I didn't explicitly tell her that 20 children died. I didn't mention that they were her age (a fact that made the news all the more searing for me).  If she asks for more details, I will do my best, but I didn't want to paint too frightening a picture. I didn't want to tell her that I am scared to let her out of my sight. I cannot begin to imagine the horror that the Newtown parents felt on Friday . . . that feeling of not wanting it to be any child but most of all not wanting it to be your own. "Please please please," I know they were chanting in their heads as they ran towards that school.

I didn't cry about the shootings until Saturday night, when Saturday Night Live opened with a choir of children singing Silent Night. It was a simple but poignant way to honor the fallen.

If this tragedy makes it necessary to address the issue of gun control, I suppose I should mention it also. You see, I was raised by a pacifist. My mom didn't even want us forming our hands into the shape of a gun.  I have zero interest in owning a gun or learning to shoot a gun. My husband and I differ on this. He believes in gun ownership.  I'm not completely opposed to people owning handguns or even standard hunting rifles. I am opposed to people owning anything more powerful than that. Nobody needs an assault rifle. It bugs me that the pro-gun people refuse to acknowledge the killing power that is very specific to guns. They say, "What else will you outlaw? Knives?" Well, look at it this way. Let's say that the shooter in Newtown had stormed the elementary school with a knife. Could he have killed 26 people before killing himself with that knife?  It's an impossibility, in my view.

I don't have any answers, though. I have to believe that the shooter was mentally ill. The linked issues of gun control and mental illness . . . well, it's all a little too heady for my little blog.

After our brunch yesterday, I took my daughter to a gingerbread house party. She and eight other little girls slathered gingerbread houses with copious amounts of frosting and then affixed candy to the houses. As I watched my daughter carefully poke M&M's into the frosting, I couldn't help but revel in that small moment of innocence and wish that nothing else would ever seep in.

Saturday, December 15, 2012

You kinda suspected I was crazy

And now you have solid proof. I am currently fostering this eight-week-old puppy for an all-breed rescue. Augie (we call him Augie Doggie, naturally) is part hound (the rescue has his mom) and part "handsome stranger."

Yeah, I didn't think Christmas was hectic enough all on its own. I decided that what we REALLY needed, when it came right down to it, was a small guest who might be inclined to swing from the branches of our Christmas tree by his teeth. And I should add that our guest has very poor bladder/bowel control. And razor-sharp teeth. Fortunately, just as nature intended, the cuteness prevails.

Thursday, December 13, 2012


This amazing blog post by Amanda King went viral recently. I've read it a couple of times.  She's a great writer.

I've been thinking about Amanda King's words a lot in recent weeks. She writes of her struggle to find beauty in herself and to set a self-confident example for her children. This is my struggle, too. My daughter is the most beautiful creature I have ever known. Her green eyes turn me into goo. I'm enamored with her wild curls, her contagious laugh, and her perfect skin. When my daughter leaves the house to go to school every morning, she doesn't worry about how she looks. She is always cute as a button in her fashion boots, stylish dress, and sequined beret. No matter where we are, she walks confidently (often with one hand on her hip). It's more of a sashay, really.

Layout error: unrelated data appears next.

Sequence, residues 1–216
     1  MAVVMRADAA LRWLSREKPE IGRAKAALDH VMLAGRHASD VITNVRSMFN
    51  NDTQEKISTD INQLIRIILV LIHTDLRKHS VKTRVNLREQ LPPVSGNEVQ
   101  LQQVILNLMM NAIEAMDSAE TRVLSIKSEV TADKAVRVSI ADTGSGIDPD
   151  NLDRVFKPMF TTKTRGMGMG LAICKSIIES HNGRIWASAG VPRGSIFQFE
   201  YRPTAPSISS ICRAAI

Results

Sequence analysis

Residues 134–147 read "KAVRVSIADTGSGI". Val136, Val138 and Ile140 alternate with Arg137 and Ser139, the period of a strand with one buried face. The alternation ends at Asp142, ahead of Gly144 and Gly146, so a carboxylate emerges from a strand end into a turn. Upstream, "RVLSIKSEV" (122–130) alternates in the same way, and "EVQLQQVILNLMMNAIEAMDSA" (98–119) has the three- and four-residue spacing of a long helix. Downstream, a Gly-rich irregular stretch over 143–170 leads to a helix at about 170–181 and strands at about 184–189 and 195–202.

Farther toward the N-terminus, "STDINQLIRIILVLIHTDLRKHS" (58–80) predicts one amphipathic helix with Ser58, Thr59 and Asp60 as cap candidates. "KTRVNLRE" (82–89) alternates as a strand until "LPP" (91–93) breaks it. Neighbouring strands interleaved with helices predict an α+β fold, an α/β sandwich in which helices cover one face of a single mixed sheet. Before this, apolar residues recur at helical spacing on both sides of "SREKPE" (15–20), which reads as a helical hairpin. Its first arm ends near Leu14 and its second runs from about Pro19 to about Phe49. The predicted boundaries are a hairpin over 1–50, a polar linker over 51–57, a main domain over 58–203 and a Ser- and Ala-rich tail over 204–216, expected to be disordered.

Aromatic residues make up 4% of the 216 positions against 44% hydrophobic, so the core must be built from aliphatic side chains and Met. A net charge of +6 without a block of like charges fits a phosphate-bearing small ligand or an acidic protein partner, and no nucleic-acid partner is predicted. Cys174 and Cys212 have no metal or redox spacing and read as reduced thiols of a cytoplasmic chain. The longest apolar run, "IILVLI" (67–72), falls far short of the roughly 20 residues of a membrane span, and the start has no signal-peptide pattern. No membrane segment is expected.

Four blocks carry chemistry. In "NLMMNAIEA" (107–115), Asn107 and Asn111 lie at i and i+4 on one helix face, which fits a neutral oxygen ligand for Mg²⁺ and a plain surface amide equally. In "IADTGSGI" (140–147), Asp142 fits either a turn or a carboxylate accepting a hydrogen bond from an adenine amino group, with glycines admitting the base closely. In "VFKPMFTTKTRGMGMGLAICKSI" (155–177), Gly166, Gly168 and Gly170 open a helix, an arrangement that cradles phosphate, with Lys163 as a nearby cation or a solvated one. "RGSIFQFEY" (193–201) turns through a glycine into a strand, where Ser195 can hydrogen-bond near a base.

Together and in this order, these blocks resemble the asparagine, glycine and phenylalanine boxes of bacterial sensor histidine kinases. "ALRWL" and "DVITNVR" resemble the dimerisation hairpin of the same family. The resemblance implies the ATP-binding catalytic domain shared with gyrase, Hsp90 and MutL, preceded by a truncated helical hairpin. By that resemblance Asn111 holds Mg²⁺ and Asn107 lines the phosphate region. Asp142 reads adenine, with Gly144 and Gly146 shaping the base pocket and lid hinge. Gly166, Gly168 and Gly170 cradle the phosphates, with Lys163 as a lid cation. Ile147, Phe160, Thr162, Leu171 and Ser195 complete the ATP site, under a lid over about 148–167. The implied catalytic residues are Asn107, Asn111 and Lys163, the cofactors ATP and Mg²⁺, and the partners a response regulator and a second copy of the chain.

What does she see when she looks at me?  I'm not entirely sure, but I do know that she hugs me regularly and calls me "beautiful mama." She draws pictures of me in which I am always depicted as a glamorous lady, complete with ballgown, high heels, and fancy jewelry.  She is fascinated with my belongings such as perfume, make-up, and jewelry. Little hands are forever re-arranging my things. She always wants her nails painted just like mine. The poor thing even believes I can sing.

What do I see when I look at myself? Not what she sees, I am sure of that. Growing up with various auto-immune conditions (and with children and adults alike making sure I knew that I was DIFFERENT and NOT NORMAL), I'm sure I had virtually no chance of developing a healthy sense of self-esteem. I can't look in a mirror and think, "Well, aren't you looking downright cute today?" It just won't ever happen. I see a chipped tooth, hair that is far too thin and uncooperative, a face that is growing older . . .

And don't even get me started on my weight.

I am careful not to say anything about my weight or my appearance in front of my daughter, though. The last thing I want to do is project my stuff onto her. However, I wonder if I could take it one step further like the blogger I mentioned. An excerpt:

"I don't want my girls to be children who are perfect and then, when they start to feel like women, they remember how I thought of myself as ugly and so they will be ugly too.  They will get older and their breasts will lose their shape and they will hate their bodies, because that's what women do.  That's what mommy did.  I want them to become women who remember me modeling impossible beauty.  Modeling beauty in the face of a mean world, a scary world, a world where we don't know what to make of ourselves." 

"Look at me, girls!"  I say to them.  "Look at how beautiful I am.  I feel really beautiful, today."